Vincent Launay-Franceschini takes principal award of Kutaisi Short Film Fest, Irine Jordania awarded best director prize

A still from O Mà!, the Kutaisi Short Film Festival-winning film by Vincent Launay-Franceschini. Photo via, 17 May 2021 - 16:50, Tbilisi,Georgia

French filmmaker Vincent Launay-Franceschini received the principal award of the Kutaisi International Short Film Festival for his O Mà!, while Irine Jordania earned the best director prize for 12 K. Marx Street, as the first edition of the festival handed out its honours last week.

Seven winners were announced by organisers after jury teams involving Georgian and foreign judges handed out the prizes for the event that had been postponed from 2020 due to the Covid-19 pandemic. Launay-Franceschini's short and Jordania were singled out by the main competition jury, chaired by acclaimed filmmaker Lana Gogoberidze.

The French production O Mà! is the director's look at a fisherman in Corsica living in an area of the island where women are becoming a rare sight. On his return from fishing one day, Ange-Marie (played by Marc Riso) is captivated by three women swimming off one of the beaches of the locality, becoming haunted by the scene.

Jordania's short, nominated for last year's European Short Film Award, sees its protagonist connect to a stranger - and to her childhood - after her phone call to a number she has been trying to reach is suddenly answered one day. Connecting her to the recipient in the home the woman's family had been forced to leave by a conflict, the call marks the starting point in the two forming a bond.



The inaugural Kutaisi festival also handed out two prizes in cinematography, with Elena Griggio's work Havens - with two protagonists living in a house surrounded by sea - receiving one for Special Cinematographic Vision, and Giorgi Shvelidze - Georgia's winner of the American Society of Cinematographers award - was distinguished with the award for Outstanding Sense of Light and Shadow.

Three other awards were designated for participants of the maiden event, with Ramesh Laxmanrao Holbole of India leaving the festival with the Best Super-Short Film prize for Tremor, Georgian director Tornike Bziava earning the Jury Special Award for Fishing, and Bulgraia's Kristina Spassovska emerging as the Film Critics Jury's selection for Motherland.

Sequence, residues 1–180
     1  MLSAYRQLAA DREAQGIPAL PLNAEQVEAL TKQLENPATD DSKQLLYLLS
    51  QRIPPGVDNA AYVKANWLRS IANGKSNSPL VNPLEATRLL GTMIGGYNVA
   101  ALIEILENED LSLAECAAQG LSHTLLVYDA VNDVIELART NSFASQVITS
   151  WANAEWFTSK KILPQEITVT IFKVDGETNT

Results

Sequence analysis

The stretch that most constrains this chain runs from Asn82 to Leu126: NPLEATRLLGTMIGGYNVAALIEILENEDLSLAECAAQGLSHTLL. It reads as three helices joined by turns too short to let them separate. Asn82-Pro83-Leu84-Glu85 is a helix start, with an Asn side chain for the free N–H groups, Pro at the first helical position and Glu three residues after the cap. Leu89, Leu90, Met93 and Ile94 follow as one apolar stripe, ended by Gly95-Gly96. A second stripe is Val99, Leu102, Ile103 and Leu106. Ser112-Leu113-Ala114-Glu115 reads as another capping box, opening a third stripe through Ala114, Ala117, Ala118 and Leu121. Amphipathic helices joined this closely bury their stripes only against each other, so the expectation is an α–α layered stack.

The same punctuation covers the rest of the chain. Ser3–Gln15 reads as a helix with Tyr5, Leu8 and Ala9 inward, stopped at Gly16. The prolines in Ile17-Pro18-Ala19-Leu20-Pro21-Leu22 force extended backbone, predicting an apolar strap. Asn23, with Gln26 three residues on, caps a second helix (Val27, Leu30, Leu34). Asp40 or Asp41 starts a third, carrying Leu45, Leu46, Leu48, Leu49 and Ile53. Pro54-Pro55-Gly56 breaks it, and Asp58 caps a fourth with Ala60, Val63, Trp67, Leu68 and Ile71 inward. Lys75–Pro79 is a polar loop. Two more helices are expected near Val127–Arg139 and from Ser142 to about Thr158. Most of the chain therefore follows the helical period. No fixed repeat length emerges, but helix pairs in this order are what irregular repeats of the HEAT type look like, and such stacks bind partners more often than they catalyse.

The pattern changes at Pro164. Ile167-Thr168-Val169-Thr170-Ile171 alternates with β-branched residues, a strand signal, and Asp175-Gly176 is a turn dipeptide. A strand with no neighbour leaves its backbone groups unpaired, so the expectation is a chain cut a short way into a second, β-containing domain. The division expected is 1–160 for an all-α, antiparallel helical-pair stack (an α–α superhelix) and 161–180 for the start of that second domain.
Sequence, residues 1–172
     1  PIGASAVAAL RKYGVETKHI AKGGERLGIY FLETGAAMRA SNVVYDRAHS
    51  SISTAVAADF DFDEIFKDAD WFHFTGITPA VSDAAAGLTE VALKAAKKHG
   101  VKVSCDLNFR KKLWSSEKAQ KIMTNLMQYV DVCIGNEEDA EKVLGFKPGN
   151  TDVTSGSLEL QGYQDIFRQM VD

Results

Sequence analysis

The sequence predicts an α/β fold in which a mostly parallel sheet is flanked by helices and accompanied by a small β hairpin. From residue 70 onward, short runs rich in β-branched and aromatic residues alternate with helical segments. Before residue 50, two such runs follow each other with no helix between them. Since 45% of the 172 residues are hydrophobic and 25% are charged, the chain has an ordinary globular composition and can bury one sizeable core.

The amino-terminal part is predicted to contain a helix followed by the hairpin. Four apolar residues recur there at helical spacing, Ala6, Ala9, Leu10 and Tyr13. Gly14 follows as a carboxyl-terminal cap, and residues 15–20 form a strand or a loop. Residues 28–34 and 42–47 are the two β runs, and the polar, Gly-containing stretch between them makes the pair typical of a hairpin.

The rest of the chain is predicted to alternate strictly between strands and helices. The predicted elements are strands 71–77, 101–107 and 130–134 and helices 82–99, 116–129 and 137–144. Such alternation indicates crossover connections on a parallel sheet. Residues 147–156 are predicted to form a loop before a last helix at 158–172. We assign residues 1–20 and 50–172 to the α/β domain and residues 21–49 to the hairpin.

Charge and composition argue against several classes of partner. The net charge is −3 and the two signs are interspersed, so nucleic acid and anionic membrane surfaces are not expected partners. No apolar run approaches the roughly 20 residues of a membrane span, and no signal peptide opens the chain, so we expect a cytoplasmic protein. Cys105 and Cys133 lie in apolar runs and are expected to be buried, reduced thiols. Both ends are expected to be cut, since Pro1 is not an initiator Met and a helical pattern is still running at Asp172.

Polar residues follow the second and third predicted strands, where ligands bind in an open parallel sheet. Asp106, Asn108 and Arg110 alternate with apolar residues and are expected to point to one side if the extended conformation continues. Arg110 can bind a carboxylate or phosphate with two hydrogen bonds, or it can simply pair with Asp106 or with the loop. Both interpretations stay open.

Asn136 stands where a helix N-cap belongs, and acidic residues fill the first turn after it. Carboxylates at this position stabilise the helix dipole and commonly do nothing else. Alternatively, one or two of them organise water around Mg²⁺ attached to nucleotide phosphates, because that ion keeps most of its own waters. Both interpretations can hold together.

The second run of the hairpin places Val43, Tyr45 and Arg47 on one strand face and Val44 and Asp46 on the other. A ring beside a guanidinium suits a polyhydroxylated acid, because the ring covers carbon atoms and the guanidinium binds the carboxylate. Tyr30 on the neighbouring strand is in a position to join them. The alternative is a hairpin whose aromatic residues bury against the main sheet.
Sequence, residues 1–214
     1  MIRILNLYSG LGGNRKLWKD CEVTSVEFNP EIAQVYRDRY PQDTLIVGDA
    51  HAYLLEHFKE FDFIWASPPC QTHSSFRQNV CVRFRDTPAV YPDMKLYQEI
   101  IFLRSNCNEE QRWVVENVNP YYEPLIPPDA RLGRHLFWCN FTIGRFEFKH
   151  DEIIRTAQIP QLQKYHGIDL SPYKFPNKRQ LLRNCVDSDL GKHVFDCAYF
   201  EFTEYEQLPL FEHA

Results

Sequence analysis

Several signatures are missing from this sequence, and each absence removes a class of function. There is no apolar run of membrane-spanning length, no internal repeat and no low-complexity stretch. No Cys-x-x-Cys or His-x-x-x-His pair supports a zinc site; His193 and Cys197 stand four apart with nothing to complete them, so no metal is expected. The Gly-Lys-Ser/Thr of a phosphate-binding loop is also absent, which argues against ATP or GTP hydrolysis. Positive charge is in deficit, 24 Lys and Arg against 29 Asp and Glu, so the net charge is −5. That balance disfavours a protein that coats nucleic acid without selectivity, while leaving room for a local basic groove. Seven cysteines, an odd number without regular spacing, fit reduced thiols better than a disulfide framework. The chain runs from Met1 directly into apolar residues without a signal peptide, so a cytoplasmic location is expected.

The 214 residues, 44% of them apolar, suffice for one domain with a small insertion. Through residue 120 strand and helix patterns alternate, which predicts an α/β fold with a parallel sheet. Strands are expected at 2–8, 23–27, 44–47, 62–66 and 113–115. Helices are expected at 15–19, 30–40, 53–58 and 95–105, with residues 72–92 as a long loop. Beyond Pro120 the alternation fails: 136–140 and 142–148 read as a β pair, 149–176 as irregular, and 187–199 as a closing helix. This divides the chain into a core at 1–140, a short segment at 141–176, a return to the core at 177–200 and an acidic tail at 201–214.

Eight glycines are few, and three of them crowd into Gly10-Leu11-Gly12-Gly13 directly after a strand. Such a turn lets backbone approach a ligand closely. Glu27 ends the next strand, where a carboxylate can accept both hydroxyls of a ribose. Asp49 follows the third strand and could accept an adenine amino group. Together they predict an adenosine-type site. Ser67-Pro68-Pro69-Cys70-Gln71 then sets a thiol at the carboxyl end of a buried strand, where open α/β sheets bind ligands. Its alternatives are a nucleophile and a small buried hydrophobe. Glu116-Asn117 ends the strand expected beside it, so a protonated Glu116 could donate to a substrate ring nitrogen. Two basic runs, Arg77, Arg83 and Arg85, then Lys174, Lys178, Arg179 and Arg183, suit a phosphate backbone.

The jury panel for the main competition programme involved chair Lana Gogoberidze as well as director Gela Babluani, cinematographers Aleksej Berkovic and Giorgi Shvelidze, and scenographer Ana Kalatozishvili, whereas the independent jury of film critics had Gogi Gvakharia, Salome Kikaleishvili and Anuka Lomidze on its roster, and the Super-Short Film programme judges were actor Keti Chkheidze, filmmakers Mari Gulbiani and Lasha Tskvitinidze.

Beside awards the festival also offered a workshop for screenplay development, mentored by Gela Babluani, Levan Kitia and Beso Odisharia, with two winning projects - by Levan Shubashvili and Iza Titberidze - set to benefit from studio and editing support for their production. Two other projects, by Saba Kareli and Levan Tchkonia, were picked as partner favourites from the workshop.

The Kutaisi festival, hosted in the western hub city, is founded with the aim of decentralising the scene of cinema festivals in Georgia, customarily concentrated around capital Tbilisi. Organisers see the event as an opportunity to see Kutaisi - the capital of the Imereti province - regain its past "cinematic position in the industry" with the event.